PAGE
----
The Department of Health has announced plans to extensively expand its medical training placements by an extra 1,500 doctors per year by 2020. The plan is being hailed as the “biggest ever” in the health service’s 69 years.
The current number of student doctors is said to increase by 25% under the new proposal with 7,500 new doctors in training annually.
The Department of Health also stated that there would be an additional 10,000 training positions available for nurses, midwives and allied health professionals.
The expansion plans aim to try and help with the shortages of medical staff across the country caused in part by recent uncertainty such as Brexit and the IR35 reform. The Department of Health hopes that these proposals will open doors for more young medical professionals who may have been shut out in the past due to a lack of training places. By investing in the next generation of doctors and nurses, the NHS hopes to retain more staff in future years.
Currently there are around 23,000 nursing training positions available each year and around 45,000 apply. Thousands of these applicants have the grades and qualifications required but are turned away purely down to a lack of placements.
“For too long, a cap on training places has meant thousands of talented students are rejected from university courses each year despite meeting requirements for medicine or nursing.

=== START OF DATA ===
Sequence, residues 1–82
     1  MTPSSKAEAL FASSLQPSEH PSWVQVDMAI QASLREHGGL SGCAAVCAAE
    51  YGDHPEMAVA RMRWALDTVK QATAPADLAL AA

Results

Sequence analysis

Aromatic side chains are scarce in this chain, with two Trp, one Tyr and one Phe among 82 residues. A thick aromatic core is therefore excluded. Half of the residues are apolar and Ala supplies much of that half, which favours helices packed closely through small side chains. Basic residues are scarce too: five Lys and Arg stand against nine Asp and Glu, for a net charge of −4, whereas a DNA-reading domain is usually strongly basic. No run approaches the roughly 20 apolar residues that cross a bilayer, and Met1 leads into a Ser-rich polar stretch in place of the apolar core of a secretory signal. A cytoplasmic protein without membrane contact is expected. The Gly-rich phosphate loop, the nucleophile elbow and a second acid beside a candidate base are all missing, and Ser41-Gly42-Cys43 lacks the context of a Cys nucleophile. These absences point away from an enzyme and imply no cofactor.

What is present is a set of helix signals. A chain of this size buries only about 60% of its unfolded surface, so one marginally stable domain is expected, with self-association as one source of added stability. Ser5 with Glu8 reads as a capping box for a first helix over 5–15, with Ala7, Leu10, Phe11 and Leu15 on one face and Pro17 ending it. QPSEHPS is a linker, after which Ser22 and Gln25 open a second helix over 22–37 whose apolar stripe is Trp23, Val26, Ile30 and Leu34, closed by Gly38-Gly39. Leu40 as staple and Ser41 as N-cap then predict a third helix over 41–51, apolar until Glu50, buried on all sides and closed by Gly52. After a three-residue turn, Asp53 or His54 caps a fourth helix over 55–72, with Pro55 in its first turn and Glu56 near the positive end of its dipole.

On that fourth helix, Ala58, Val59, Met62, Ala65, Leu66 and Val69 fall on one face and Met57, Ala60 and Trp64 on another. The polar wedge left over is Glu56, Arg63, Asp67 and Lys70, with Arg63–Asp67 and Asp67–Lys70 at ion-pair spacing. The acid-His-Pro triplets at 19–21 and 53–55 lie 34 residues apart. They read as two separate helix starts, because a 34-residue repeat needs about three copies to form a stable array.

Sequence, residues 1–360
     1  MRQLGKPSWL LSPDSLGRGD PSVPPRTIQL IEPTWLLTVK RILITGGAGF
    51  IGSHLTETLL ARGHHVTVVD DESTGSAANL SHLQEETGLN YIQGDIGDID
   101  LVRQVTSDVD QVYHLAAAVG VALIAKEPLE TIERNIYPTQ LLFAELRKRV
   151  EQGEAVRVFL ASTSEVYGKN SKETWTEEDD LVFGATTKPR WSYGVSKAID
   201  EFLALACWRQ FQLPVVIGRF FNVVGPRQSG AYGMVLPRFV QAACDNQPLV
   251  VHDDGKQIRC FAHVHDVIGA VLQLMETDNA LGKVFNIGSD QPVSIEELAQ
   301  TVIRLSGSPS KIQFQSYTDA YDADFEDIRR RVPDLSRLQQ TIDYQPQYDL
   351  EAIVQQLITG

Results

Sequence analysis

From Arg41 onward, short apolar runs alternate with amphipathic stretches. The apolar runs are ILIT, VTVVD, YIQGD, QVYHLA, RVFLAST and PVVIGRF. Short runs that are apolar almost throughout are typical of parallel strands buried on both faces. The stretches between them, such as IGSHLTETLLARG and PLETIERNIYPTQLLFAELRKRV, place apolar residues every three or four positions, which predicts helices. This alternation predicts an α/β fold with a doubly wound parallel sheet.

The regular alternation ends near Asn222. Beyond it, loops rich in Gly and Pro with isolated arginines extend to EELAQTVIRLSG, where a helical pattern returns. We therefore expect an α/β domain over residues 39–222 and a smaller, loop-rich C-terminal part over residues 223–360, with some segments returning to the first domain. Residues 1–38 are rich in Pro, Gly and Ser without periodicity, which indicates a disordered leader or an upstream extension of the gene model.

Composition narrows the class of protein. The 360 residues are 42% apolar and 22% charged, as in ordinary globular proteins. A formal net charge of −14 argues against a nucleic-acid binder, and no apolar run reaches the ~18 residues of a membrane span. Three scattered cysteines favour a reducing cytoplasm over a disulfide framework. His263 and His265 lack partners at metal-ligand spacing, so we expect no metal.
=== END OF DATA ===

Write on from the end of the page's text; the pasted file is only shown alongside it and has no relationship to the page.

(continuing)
“These students will now be able to fulfil their potential as our future NHS nurses, midwives and allied health professionals.” – Health Minister, Philip Dunne.
The Department of Health also envisions that the added placements will help fill positions that are usually difficult to recruit for such as GPs and psychiatry specialists. They also aim to alleviate shortages in rural and coastal areas and attract candidates from under-represented demographics such as minority groups and those from disadvantaged backgrounds.
Whilst the proposals have been seen as a step in the right direction, many are still concerned about the immediate issues in the NHS.
The British Medical Associate (BMA) student committee co-chairman, Harrison Carter stated: “The students who will benefit from these new placements will take at least 10 years to train and become senior doctors so we mustn’t forget this promise won’t tackle the immediate shortage of doctors in the NHS which could become more acute following Brexit.
“As such, we require equal focus on retaining existing doctors in high-quality jobs which will provide more immediate relief to an overstretched medical workforce.”
Chief executive and general secretary of the Royal College of Nursing, Janet Davies added: “The health and care system desperately needs proper workforce planning. It’s unclear where extra nursing students will come from, when the removal of student funding is putting many people off entering the profession.
“When it comes to the future supply of nurses, the Government is turning off the tap – nursing degree applications have fallen sharply and the pay cap is forcing many nurses out of the job they love.
“It’s time for ministers to face facts: they will struggle to build a strong and resilient workforce unless they lift the cap on pay and reinstate student funding.”
The proposals are set to start in England next year.